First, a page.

Mirroring the frenzied, back-and-forth matches that the series is known for, the fate of the high-definition version of NBA Jam has been especially turbulent. First announced as a scaled-down, downloadable pack-in obtained with new copies of NBA Elite 11, the title later became a standalone product when EA’s signature basketball title was canceled. Last month, we reviewed the Wii iteration of the game, finding the disk to be a proficient and enjoyable update to the venerable arcade classic. The 360 and PS3 adaptations of NBA Jam offer the same game modes, with a handful of notable supplements.
Whereas Wii owners could take it to the hole with an optional fling of the Wiimote, the now-gen versions shun the physicality of Playstation Move and Kinect. Instead, NBA Jam offers players the ability to snap the right thumbstick up and down to simulate the jump and release of the ball. While players accustomed to the dual-stick control schemes of many contemporary sports title may enjoy this input method, I found myself reverting to the face buttons which more closely emulate NBA Jam’s traditional play style. Beyond the ability to initiate ankle-breaking crossovers, all the beloved steals, shoves, and blocks are back and should be instantly recognizable to anyone who stepped into an arcade during the early 90’s.
The Wii version traded in the arcade version’s the antiquated spite-based graphics for a lively polygonal presentation; the 360 and PS3 iterations offer the same aesthetic with a higher resolution. As such, seeing Kobe Bryant focused concentration or Dwight Howard’s beaming smile is both consistently enjoyable and amusing, as each player’s face cycles through comical animations. Although the blurriness of coaches and the audience has been removed, NBA Jam doesn’t come close to the standard set by most modern sports games. Franchise vet Tim Kitzrow’s commentary is dependably spirited and quotable- expect a few chuckles during your first few games.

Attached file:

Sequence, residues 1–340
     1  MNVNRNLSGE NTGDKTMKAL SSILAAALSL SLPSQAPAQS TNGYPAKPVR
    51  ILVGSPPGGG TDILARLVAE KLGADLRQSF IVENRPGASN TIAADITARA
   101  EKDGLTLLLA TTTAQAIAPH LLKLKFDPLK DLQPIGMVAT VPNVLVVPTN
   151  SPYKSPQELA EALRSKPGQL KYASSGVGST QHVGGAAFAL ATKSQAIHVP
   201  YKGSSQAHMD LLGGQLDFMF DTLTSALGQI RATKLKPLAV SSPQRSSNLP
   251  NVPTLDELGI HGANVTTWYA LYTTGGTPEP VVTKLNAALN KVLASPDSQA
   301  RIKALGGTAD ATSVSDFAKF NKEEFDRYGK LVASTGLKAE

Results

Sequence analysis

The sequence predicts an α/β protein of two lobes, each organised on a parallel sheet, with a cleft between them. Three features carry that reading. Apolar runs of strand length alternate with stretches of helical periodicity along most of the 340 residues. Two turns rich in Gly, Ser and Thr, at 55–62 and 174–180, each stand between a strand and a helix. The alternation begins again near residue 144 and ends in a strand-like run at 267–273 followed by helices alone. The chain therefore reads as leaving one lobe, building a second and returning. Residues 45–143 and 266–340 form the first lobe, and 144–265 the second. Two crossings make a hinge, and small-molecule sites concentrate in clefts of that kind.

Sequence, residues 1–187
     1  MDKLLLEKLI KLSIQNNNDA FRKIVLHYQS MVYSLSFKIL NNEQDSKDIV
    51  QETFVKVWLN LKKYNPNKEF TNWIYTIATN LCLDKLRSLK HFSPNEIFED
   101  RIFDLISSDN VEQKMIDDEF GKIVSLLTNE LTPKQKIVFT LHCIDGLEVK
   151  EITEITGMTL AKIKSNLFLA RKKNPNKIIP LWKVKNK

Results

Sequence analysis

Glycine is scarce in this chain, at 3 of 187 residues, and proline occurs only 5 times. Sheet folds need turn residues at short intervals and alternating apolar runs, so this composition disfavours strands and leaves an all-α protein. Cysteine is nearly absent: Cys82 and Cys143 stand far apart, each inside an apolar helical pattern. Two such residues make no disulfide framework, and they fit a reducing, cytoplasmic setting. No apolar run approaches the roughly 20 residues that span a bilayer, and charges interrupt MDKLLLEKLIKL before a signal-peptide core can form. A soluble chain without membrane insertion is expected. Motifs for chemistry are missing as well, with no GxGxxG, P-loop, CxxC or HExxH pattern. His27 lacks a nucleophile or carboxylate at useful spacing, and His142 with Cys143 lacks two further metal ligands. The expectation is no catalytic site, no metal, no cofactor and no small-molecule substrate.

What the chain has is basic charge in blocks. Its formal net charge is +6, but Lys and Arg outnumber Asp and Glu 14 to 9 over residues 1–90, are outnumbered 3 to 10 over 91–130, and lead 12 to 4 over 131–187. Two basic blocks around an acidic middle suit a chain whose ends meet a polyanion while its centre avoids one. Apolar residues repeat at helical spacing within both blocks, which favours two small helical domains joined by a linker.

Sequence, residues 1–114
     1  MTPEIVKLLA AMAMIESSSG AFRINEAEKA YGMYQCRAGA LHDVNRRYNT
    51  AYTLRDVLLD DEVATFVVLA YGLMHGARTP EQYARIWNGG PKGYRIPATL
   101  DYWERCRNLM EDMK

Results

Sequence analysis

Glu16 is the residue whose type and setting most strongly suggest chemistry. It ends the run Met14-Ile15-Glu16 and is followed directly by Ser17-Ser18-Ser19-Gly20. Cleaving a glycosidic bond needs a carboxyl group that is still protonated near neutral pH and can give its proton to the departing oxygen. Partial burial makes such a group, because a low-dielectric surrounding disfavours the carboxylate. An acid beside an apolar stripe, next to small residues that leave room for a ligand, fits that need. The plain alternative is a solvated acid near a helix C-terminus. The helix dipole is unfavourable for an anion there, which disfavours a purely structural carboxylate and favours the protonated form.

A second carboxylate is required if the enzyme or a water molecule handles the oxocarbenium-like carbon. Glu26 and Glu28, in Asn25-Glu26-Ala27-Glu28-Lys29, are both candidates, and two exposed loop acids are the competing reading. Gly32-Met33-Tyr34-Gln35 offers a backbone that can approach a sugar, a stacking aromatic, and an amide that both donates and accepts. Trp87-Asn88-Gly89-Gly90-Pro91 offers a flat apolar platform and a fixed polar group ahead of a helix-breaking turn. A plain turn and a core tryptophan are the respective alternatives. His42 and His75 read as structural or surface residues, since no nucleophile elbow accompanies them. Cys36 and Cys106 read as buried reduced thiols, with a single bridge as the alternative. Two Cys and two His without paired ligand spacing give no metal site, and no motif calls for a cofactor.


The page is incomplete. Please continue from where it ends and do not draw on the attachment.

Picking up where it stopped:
One of the biggest omissions with the Wii version of NBA Jam was the exclusion of online competitions- fortunately, that’s been rectified with this edition. While the game’s ‘net-based contests are reliably lag-free, playing against an Xbox/PS3 friend or stranger isn’t as gratifying as beating sinking a buzzer-beating dunk against a couch-mate. Without the benefit of a proper lobby or even reprimanding quitters for dropping out a match, NBA Jam’s online component can feel a bit rushed. As solace, the title does offer a Jam Card, which lets you crow about your accomplishments with earned icons and titles- there’s even a leveling system similar to Modern Warfare 2.
Beyond the game’s exhibition and online matches, there’s a quintet of modes to maintain player’s interests. Smash tasks teams with being the first to break their opponent’s backboard, while Domination challenges players to take possession of point-producing spots on the court. The game’s Boss Battles invite players to beat a succession of truly imposing champions- from a truly mystical Magic Johnson who teleports around the screen to Karl Malone’s shoves which have the power to push any of the Mailman’s opponents into another zip code. Learning each weakness requires a bit of trial and error, making the mode feel like Punch-Out recontextualized to a half-court.
No longer do gamers have to consider purchasing Elite 11 just for a crack of NBA Jam’s renewed rim-rocking antics. By offering the title as a standalone disk, EA is giving now-gen console owners a gratifying and all-inclusive experience which warrants the admission price. Now, if the developers can patch the game’s matchmaking blemishes, they’ll have a diversion which sets the net ablaze.